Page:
THERE’S no denying it – Neil Broadfoot likes to make an entrance. At least, he does when it comes to his books.
After massive critical acclaim for his debut, Falling Fast, he knew he had to pack a punch with his second novel in order to live up to his newfound reputation as one of Scotland’s brightest new crime writing talents.
And what better way to do that than by opening the book with a workplace assassination?
The Storm follows the lives and careers of the characters Neil brought to life in Falling Fast, which was shortlisted for the Deanston Crime Book of the Year last year.
The main characters, newshound Doug McGregor and DS Susie Drummond, are thrown into a murky world of corruption, cover-ups and decades-old secrets – all the ingredients of a perfect whodunnit.
“Doug has been promoted on to the news desk,” explains Neil, who as a former journalist at both the Evening News and Scotsman, knows a thing or two about how a newsroom operates.
“He is in conference with his editor, who is brutally assassinated in front of him. There are a few other murders and crimes that take place in and around town, but as a key witness, he can’t investigate what happened.
“An old friend of his who lives on the Isle of Skye invites him to come up and get some perspective on things, but as he leaves, he realises that going to the Isle of Skye isn’t the best thing to be doing.”
Neil admits that even when penning his first novel – obviously completely unaware of the success it would come to enjoy – he was already thinking about the follow-up.
“I always envisaged Doug as a recurring character,” he explains. “I realised there was enough petrol in the tank and started getting ideas for further books.
“I was about half way or three quarters of the way through writing Falling Fast when I came up with the idea for The Storm.”
The idea soon became a reality, and Neil completed his follow-up before his debut was even on the shelves.
But then came a problem he hadn’t anticipated – the success of Falling Fast meant he had to make sure his second novel was befitting of the reputation he had built.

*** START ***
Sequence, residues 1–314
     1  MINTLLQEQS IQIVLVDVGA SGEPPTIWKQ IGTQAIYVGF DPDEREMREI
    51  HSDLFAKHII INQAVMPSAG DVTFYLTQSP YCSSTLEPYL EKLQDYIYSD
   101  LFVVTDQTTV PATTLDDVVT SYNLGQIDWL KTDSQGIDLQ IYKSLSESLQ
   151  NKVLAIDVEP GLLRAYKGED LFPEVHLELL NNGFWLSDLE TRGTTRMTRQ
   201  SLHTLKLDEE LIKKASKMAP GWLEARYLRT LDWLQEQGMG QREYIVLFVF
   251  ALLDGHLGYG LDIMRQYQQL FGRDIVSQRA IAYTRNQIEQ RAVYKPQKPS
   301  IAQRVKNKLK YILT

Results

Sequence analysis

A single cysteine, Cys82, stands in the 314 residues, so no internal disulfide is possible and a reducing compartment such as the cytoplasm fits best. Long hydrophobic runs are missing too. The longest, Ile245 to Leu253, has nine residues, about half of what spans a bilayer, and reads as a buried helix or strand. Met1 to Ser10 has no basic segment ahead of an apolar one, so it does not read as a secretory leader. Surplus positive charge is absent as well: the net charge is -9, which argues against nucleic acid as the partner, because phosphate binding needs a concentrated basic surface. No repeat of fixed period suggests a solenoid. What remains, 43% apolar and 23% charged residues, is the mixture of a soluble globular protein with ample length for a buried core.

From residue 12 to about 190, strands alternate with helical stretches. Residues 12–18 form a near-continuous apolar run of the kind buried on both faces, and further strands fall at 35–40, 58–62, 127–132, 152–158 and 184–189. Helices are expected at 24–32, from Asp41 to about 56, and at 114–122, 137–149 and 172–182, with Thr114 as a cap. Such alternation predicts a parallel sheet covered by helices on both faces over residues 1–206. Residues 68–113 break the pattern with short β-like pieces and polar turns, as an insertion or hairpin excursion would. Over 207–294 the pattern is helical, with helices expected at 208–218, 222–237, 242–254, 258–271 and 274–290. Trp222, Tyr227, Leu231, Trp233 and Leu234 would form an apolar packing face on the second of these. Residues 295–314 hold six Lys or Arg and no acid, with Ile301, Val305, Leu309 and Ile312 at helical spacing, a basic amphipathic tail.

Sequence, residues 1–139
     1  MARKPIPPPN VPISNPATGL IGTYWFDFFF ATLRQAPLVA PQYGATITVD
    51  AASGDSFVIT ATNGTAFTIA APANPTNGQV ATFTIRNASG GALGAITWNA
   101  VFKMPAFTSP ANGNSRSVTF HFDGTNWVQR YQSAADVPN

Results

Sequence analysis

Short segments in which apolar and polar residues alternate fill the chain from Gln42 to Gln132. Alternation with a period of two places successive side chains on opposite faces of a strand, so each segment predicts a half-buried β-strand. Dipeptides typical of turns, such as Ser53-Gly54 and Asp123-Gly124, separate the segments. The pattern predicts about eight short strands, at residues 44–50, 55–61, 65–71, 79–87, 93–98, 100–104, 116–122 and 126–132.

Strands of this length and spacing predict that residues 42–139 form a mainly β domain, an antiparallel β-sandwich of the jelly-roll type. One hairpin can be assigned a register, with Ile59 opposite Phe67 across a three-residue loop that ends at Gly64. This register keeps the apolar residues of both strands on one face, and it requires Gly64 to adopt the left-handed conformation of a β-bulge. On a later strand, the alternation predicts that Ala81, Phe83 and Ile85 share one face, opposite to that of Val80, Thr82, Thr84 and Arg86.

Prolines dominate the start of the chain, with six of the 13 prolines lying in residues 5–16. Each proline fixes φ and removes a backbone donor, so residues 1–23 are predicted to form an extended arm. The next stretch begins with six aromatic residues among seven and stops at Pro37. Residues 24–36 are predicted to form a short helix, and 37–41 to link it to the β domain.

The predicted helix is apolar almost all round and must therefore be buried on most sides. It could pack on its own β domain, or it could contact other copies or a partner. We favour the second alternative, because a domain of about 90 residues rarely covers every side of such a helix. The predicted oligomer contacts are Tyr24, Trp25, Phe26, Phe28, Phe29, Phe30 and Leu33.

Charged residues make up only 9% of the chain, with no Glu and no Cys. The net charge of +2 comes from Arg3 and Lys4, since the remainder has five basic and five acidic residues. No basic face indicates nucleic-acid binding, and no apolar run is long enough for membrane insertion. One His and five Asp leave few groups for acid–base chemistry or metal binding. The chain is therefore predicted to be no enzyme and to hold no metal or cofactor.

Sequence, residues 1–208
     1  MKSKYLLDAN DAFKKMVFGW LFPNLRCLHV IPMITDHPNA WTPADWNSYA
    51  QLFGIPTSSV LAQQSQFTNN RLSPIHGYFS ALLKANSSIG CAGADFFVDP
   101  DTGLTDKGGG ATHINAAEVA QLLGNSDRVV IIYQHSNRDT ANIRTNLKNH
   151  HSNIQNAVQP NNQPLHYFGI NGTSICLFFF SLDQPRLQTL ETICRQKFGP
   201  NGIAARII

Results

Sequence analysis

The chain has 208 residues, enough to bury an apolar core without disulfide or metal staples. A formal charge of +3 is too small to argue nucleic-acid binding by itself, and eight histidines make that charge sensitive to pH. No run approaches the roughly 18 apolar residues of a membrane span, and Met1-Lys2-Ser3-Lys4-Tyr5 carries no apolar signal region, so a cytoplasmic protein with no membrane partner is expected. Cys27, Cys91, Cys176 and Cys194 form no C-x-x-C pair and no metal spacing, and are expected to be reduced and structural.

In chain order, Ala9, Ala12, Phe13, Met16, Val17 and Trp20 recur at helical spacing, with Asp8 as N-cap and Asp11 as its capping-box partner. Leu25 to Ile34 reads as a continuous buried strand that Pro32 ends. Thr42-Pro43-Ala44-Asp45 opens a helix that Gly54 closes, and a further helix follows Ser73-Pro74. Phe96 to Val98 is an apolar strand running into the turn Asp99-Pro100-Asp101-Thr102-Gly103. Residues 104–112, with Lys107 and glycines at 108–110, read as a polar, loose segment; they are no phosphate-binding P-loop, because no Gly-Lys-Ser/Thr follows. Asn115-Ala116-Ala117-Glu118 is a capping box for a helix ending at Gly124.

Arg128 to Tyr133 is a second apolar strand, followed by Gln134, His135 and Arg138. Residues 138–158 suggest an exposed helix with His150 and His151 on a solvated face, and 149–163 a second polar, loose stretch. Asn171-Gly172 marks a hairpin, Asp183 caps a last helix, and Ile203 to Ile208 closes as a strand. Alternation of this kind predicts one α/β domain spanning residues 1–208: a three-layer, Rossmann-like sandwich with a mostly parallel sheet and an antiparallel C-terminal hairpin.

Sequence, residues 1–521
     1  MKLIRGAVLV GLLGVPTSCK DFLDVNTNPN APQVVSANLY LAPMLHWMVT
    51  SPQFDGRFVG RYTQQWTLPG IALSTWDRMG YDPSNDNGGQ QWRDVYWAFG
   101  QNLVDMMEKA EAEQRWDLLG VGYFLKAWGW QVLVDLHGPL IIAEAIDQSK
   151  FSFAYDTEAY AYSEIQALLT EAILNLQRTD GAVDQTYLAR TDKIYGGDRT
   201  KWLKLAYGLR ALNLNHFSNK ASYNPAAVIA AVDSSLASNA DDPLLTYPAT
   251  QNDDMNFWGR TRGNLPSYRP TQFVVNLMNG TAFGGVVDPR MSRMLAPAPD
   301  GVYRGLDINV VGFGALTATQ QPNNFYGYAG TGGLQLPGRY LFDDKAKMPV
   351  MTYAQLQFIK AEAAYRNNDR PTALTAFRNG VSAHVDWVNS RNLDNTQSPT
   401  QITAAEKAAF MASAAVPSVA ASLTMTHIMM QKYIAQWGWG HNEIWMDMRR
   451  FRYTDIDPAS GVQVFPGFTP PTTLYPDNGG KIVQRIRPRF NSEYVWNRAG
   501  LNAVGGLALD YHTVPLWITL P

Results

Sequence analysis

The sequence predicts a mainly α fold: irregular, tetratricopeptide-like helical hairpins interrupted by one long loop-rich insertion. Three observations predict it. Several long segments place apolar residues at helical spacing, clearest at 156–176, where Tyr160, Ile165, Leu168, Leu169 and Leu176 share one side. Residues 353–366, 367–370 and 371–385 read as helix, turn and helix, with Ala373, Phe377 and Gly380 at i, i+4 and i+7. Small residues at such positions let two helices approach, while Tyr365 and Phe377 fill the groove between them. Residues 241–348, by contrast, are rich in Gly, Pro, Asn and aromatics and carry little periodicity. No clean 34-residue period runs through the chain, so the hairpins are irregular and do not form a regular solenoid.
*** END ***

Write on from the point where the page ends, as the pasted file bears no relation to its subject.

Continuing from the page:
“Because Falling Fast was so well received, I went back and looked at The Storm and thought it wasn’t good enough for a Deanston finalist,” says Neil, a father-of-two. “How do you repeat the success? I went back and tried to be hugely clever and messed it up a bit. I was holding the reveals right to the end and not leaving enough bread crumbs as a trail.”
Luckily Neil’s wife Fiona – also a former Scotsman journalist – was on hand to help him get the book back on track.
“It was changed days from when we first met and I was putting the red pen through her work,” laughs Neil.
Remembering back to his days as a journalist, Neil – who now works as a communications officer for the Scottish Government – explains: “I’ve seen first-hand the way the industry is changing in response to the digital age – and it’s not always for the better. Given the massive stories that are being covered at the moment, this provided perfect dramatic backdrop for The Storm, and allowed me to reflect on some of these changes and ask where next for the press while delivering a typically violent and dark mystery that readers will enjoy.”
He adds: “Being a writer is all I’ve ever wanted to do, so this really is a dream come true. To see The Storm on the shelves next to Falling Fast, and being able to take my work to book festivals and meet readers who enjoy the books, is just indescribable.”
Publisher Sara Hunt says: “Falling Fast was such a hit for Neil – getting your debut shortlisted for the Deanston prize is no mean feat – so he was really under pressure to make his second novel live up to expectations. Well, The Storm certainly does that.
“We didn’t think it was possible, but this second book in the series actually surpasses Falling Fast.
“It’s got everything: a blistering pace, a plot that keeps you guessing to the very end, and you get absolutely sucked in to the will-they-won’t-they? relationship between the two main characters, Doug and Susie.
“Readers really responded to Neil’s electric writing style in Falling Fast. With The Storm, we think he’s well on his way to joining the greats of Scottish crime writing.”
• Neil launched The Storm on Thursday at Blackwell’s